Fossil Fuel Subsidies Eclipsed $620 Billion in 2011

Globally, governments provided more than USD$620 billion to subsidize fossil fuel energy in 2011 and just $88 billion went to subsidies for renewable energy.
According to the Earth Policy Institute (EPI), $131 billion in subsidies went to coal, gas and oil consumed specifically for electricity generation. 
“Through these subsidies, governments cut the prices people paid for fossil energy by nearly a quarter – encouraging waste and hindering efforts to stabilize climate.”
Demonstrating the connection between subsidisation and carbon footprint; the United Arab Emirates, Kuwait and Qatar each spent thousands per person on propping up fossil fuel consumption in 2011 and all three countries are among the world’s top carbon emitters per capita.
Although G-20 countries committed to winding down fossil fuel subsidies that encourage wasteful consumption, the EPI says they have made little measurable progress. 
Of the $88 billion that went to subsidies for renewable energy, much of the support went to electricity producers and was almost equally divided between among solar PV, wind, biomass electricity and biofuels.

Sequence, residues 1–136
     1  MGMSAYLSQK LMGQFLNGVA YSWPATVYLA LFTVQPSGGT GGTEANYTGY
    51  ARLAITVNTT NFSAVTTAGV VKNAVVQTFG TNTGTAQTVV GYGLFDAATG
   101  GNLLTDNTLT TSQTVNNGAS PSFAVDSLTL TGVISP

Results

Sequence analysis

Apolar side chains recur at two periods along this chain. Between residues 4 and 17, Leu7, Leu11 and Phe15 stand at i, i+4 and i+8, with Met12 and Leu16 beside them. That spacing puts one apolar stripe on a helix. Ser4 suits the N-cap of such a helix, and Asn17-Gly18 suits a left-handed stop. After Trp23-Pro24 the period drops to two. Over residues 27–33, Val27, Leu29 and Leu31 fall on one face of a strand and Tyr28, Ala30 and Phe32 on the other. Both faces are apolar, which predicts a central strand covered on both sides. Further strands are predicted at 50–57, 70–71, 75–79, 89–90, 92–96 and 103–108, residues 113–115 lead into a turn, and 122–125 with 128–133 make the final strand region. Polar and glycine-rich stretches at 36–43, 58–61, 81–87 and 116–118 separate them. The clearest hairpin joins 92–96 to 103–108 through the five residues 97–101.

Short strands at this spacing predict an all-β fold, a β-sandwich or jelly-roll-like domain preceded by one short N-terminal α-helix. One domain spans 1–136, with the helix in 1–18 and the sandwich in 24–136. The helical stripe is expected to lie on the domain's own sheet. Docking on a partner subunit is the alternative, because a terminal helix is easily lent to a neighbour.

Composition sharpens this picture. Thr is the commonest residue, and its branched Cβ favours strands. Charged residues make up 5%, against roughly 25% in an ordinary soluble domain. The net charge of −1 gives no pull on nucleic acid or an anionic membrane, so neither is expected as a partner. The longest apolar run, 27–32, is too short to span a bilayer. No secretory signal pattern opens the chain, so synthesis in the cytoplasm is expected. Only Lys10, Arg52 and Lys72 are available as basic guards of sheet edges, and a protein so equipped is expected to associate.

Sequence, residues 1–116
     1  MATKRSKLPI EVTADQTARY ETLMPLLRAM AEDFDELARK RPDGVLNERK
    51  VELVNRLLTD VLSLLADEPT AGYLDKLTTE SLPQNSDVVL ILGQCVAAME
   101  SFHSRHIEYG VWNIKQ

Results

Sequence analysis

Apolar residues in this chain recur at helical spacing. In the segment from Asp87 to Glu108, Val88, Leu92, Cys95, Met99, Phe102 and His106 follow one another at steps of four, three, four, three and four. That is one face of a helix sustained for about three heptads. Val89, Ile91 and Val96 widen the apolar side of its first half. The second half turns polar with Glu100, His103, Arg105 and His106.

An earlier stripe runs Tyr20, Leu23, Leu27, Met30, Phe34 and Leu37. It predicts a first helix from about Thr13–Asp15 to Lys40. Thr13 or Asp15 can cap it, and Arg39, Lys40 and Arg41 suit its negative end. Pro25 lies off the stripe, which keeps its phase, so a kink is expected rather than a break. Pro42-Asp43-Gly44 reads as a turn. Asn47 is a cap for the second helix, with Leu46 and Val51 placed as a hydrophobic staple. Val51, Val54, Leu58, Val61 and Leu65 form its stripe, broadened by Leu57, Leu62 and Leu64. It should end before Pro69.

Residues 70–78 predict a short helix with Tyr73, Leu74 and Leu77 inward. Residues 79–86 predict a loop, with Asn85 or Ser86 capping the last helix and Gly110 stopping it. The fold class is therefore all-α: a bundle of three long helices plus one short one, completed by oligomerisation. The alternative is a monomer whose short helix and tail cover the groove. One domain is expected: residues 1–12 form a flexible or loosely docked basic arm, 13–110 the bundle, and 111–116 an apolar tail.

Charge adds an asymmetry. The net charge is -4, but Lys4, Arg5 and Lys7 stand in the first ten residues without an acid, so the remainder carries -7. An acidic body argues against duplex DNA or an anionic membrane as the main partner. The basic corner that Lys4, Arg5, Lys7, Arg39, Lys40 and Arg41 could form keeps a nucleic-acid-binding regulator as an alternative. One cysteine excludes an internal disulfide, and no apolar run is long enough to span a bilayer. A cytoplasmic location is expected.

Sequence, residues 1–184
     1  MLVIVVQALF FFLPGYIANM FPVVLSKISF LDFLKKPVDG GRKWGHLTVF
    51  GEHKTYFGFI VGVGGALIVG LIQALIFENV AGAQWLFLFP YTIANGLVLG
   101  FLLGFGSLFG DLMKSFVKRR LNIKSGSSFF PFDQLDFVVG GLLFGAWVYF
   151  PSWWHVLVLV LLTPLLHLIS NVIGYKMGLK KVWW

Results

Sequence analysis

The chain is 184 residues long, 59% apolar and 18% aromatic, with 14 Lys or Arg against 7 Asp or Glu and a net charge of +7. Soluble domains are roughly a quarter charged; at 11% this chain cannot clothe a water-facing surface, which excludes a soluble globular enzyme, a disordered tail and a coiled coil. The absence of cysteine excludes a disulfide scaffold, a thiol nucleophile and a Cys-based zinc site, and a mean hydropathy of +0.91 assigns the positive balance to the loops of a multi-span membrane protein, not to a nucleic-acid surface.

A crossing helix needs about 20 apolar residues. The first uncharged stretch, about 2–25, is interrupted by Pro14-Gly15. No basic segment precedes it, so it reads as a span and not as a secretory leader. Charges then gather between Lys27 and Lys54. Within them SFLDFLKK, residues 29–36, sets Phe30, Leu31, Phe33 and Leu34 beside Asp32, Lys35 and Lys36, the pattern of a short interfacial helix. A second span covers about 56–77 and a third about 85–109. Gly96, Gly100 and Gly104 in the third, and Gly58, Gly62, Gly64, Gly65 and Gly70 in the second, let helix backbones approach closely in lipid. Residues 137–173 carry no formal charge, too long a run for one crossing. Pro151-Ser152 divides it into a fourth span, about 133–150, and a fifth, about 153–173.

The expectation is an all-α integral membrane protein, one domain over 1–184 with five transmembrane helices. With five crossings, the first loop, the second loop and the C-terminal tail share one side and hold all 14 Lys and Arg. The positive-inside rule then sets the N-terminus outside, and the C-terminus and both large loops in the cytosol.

“Clearly, the deck is stacked against renewables,” says the report.
EPI sourced its data from the International Energy Agency’s Fossil Fuel Subsidy Database.
While subsidisation of renewable energy is often criticised, it’s often forgotten the fossil fuel industry has been riding the subsidy gravy train for decades – and its not as though it needs the degree of support it enjoys. The EPI points out Royal Dutch Shell , ExxonMobil, BP, Chevron, and ConocoPhillip collectively raked in $137 billion in profits in 2012.
The International Energy Agency estimates state phasing out all fossil fuel consumption subsidies by 2020 would slash carbon dioxide emissions in that year by close to 2 gigatons.
The Earth Policy Institute (EPI) was founded in 2001 by Lester Brown, the founder and former president of the Worldwatch Institute, to provide a plan of a sustainable future along with a roadmap of how to get from here to there.